More and more research is showing the link between how much people sleep and their weight. The role of sleep related to nutrition is significant! Sleep can have a tremendous impact on our food choices each day, either increasing or decreasing the likelihood that we will make good choices or get enough physical activity. People who don’t get enough sleep tend to weigh more than those who do get enough sleep each night.
There are a few ways that sleep, or lack of, can relate to weight gain. For example:
- Sleep deprived people may not have enough energy to exercise. The less you sleep, the greater the sleep debt you accumulate, the more fatigued you will experience throughout the day making work and exercise a greater challenge.
- Less sleep means more hours spent awake which can mean more opportunity to eat, especially for those who aren’t getting enough sleep because of stress, work or family obligations, etc. For many, stress is often a trigger for people to reach for unhealthy items or overeat.
- Lack of sleep disrupts hormones that control appetite causing some people to eat more than they otherwise would have if they were well rested. The release of growth hormone is related in part to repair processes that occur during sleep. Cortisol, a hormone affected by sleep, increases in relation to sleep deprivation. An increase in cortisol levels wrecks havoc on your body by stimulating abdominal fat formation, decreasing muscle mass, increasing sleep disruptions and impairing cognitive performance.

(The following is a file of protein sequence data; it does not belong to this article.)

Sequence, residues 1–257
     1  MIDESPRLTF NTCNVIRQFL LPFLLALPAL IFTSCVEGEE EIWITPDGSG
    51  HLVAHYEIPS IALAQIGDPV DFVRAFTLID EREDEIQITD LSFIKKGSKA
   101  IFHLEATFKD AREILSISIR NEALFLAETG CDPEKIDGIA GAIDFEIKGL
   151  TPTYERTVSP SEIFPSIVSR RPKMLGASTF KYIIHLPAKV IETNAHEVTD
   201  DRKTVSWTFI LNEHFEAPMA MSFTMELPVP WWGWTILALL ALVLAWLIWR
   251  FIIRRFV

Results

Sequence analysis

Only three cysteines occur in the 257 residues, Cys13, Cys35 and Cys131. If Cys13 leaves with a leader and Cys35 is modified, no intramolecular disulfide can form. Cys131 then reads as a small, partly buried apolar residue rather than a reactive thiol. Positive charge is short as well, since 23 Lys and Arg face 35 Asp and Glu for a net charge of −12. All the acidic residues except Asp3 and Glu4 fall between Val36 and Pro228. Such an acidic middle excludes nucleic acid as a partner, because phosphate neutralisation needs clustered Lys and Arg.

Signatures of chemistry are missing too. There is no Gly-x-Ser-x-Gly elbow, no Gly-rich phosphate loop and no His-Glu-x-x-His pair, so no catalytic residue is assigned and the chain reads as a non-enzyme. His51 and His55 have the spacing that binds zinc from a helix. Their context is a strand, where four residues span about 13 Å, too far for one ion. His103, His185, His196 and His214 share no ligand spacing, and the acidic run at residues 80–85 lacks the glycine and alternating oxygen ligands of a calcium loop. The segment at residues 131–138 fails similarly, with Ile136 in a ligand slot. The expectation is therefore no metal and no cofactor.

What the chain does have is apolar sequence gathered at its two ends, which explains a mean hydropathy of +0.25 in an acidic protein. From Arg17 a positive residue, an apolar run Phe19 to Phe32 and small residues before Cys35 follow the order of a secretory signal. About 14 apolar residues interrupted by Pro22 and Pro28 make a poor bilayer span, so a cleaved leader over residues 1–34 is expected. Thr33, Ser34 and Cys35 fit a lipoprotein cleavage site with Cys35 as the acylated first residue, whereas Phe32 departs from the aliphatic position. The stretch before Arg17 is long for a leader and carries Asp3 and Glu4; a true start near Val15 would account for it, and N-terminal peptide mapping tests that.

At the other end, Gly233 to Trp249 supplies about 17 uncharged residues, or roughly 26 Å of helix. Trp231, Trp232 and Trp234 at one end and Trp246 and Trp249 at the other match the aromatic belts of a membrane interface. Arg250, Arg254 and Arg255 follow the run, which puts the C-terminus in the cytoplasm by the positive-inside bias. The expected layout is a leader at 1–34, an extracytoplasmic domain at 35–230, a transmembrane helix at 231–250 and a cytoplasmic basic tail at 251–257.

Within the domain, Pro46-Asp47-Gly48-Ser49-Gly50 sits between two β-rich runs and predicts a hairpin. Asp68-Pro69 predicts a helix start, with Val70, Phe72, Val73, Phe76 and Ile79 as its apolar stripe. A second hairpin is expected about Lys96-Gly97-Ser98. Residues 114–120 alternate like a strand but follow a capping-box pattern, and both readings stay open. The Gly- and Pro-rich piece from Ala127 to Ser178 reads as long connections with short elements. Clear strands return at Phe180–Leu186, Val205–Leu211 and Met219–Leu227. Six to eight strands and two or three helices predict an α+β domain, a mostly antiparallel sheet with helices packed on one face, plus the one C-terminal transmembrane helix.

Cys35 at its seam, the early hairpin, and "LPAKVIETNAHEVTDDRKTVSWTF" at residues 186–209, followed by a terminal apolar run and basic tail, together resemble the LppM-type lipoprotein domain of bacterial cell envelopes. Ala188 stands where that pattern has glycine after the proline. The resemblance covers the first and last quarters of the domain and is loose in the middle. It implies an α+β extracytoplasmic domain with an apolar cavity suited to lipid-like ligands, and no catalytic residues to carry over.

- Fatigue decreases willpower, and for some, lack of willpower can lead to poor food choices or overeating.
How much sleep do you need?
According to the National Sleep Foundation adults (18+ years) need 7-9 hours per night. There is “no magic number” because your sleep results from two different factors that researchers are learning about: a person’s basal sleep need – the amount of sleep our bodies need on a regular basis for optimal performance – and sleep debt, the accumulated sleep that is lost to poor sleep habits, sickness, awakenings due to environmental factors or other causes. 2 Therefore, trial and error will be the best way to determine how much sleep is ideal for you.